Design, fabric, patterns, Surface Patterns, Wrapping Paper

Enter Surface Pattern Design School

make it in design schoolI am having so much fun with a new creative design arena. Several months ago while looking for fabric swatches to sew window treatments for the guest bedroom I stumbled upon a surface pattern design website. There are thousands of fabrics online, and I found many I liked, but I wanted something different, something special. When I saw surface pattern design, it was my “Aha” moment! Never thought much about this in particular, even though I am a graphic designer.

My graphic design skills have mostly been directed to printed and web work (brochures, ads, booklets, posters, and such), that’s my day job, and I do love it, but it does get boring at times. I’ve made digital house portraits which is digital painting using PhotoShop. Digital Scrapbooking is fun too, yet I’ve mostly purchased other designer’s scrapbooking objects. Oh, I created my own vectors, but not focusing on surface patterns. I just never thought about designing my own fabrics or wrapping paper, or selling my patterns on products. I enjoy sewing and I love wrapping paper, so why not design my own?!

I spent months learning new techniques involved in creating surface patterns. I started at BonnieChristine and was hooked with the process. I joined her Tribe immediately (that was last year, May 27 specifically). The more I read and learned the more I wanted more, hence Make It In Design’s The Art & Business of Surface Pattern DesignLynda.com and SkillShare are two other favorite online course websites (these two cover almost anything one wants to learn, not just surface patterns. I also like Udemy, and there are several others.  I’m loving this. One thing  leads to another in the design world as there are so many venues and options.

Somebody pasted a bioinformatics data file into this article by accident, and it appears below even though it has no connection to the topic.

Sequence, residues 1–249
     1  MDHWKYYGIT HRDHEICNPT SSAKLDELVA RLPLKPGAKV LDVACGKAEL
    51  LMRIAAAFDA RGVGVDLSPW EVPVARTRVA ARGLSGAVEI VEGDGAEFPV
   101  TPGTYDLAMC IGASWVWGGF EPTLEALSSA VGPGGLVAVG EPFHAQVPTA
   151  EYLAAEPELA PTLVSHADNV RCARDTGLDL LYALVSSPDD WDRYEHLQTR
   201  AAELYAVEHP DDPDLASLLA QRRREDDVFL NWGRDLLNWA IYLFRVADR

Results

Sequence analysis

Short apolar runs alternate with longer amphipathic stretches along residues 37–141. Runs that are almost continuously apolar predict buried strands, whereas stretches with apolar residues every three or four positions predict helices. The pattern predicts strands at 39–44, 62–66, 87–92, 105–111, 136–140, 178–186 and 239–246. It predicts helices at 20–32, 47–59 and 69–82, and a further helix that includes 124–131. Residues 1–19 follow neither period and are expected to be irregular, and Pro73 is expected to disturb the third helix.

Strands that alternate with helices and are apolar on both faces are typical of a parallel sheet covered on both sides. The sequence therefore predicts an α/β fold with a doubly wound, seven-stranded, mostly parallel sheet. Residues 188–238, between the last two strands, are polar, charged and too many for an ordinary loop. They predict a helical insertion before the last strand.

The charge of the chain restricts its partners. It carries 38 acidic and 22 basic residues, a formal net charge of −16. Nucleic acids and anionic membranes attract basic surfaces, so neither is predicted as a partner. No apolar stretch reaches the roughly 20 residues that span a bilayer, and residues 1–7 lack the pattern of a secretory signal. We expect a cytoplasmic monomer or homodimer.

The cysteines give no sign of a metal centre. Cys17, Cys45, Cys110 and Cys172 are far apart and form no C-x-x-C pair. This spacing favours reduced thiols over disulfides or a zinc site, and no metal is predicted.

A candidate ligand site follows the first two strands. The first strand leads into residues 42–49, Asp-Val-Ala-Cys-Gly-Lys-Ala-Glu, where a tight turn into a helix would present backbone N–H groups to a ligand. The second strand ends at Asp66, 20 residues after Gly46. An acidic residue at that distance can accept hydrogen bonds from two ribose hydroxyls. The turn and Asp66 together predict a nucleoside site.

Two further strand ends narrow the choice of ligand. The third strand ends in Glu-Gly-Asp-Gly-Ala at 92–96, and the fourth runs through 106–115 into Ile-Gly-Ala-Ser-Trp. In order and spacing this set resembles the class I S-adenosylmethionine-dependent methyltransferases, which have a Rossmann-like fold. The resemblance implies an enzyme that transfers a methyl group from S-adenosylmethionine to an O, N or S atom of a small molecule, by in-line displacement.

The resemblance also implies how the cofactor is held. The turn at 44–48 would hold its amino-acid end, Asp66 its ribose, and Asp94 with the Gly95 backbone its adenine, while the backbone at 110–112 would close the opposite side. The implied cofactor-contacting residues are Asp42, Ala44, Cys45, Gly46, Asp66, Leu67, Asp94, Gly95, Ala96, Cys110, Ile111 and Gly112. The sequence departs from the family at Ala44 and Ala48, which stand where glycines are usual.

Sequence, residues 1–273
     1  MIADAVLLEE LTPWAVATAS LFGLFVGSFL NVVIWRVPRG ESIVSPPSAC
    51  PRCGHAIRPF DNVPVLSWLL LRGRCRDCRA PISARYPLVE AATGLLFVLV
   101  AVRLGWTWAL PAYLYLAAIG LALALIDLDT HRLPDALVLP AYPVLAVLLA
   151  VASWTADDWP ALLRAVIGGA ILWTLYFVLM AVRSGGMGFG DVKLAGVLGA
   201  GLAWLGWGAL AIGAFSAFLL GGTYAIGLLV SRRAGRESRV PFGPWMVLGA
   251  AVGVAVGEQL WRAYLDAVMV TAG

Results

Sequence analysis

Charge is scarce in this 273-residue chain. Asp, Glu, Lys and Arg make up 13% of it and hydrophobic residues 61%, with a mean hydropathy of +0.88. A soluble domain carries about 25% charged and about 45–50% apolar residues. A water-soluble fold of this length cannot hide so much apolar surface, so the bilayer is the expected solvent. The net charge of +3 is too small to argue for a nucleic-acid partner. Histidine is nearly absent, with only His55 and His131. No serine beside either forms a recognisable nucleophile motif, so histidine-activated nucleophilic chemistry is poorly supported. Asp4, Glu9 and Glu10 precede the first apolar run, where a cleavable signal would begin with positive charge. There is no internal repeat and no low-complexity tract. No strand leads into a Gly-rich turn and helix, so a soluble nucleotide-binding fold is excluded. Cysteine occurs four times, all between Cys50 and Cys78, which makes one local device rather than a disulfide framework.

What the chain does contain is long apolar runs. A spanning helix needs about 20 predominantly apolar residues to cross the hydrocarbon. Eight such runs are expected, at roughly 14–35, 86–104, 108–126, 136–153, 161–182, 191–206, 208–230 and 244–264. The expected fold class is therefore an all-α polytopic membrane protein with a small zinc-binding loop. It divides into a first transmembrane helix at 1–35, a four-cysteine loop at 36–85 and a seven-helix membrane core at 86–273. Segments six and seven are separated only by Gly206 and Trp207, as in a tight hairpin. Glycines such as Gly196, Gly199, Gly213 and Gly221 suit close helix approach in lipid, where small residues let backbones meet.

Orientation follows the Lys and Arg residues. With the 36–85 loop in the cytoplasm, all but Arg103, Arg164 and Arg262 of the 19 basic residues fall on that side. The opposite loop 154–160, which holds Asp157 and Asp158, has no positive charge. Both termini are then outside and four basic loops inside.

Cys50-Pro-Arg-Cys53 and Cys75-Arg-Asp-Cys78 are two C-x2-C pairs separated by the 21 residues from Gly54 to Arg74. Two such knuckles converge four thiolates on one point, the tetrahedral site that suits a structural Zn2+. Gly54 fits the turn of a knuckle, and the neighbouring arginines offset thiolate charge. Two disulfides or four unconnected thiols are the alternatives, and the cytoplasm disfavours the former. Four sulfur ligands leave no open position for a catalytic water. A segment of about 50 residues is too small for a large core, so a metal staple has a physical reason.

The basic process involves creating an idea board (mood board), taking photographs, sketching items (objects, flowers, animals, shapes, hand lettering), importing these into Illustrator to fine tune, manipulate, and color the objects, create motifs, layout out the design, tweak it, recolor, then create and save the pattern. Next is uploading them to online shops, make mock ups, use the patterns in designing note cards and stationary—all sorts of things. Design once, sell many!

What is good for me is that this gets me back to sketching and painting with watercolors again. Something I had stopped doing several years ago when I turned more digital. Now I can do both. Yes, one can scan watercolor to make beautiful patterns.

And, wait there’s more. Along with process I started learning hand lettering. It’s like calligraphy but with pen brushes, or any type of writing utensil (markers, ink pens, pencil, but I mostly use brush pens).

You’ll find three patterns for sale in my shop at Spoonflower.com. It’s a start. I have a few other patterns uploaded there but they are not available just yet.

I’m enrolled at Make It In Design, a surface pattern design company from Great Britain, for two online courses. Classes start May 21. Since I already know how to use Illustrator, PhotoShop and how to make repeating patterns, I’m taking Module 2 and 3. These are more in-depth courses in the surface pattern design business, along with how to set up shop. I need a little more fine tuning in these details of it all. Can’t wait for the classes to begin.

I’ll share my progress as I go along.

I still haven’t designed my window treatment fabric, but most likely will soon enough. I’ve got to get a few 100 patterns done first (yikes)…practice, practice, practice. Luckily, I’ve been designing for a while so let’s hope it doesn’t take a 100 patterns to get me started.

Wish me luck. Better yet, go buy some fabric or wrapping paper at My Spoonflower Shop. Much appreciated. 🙂

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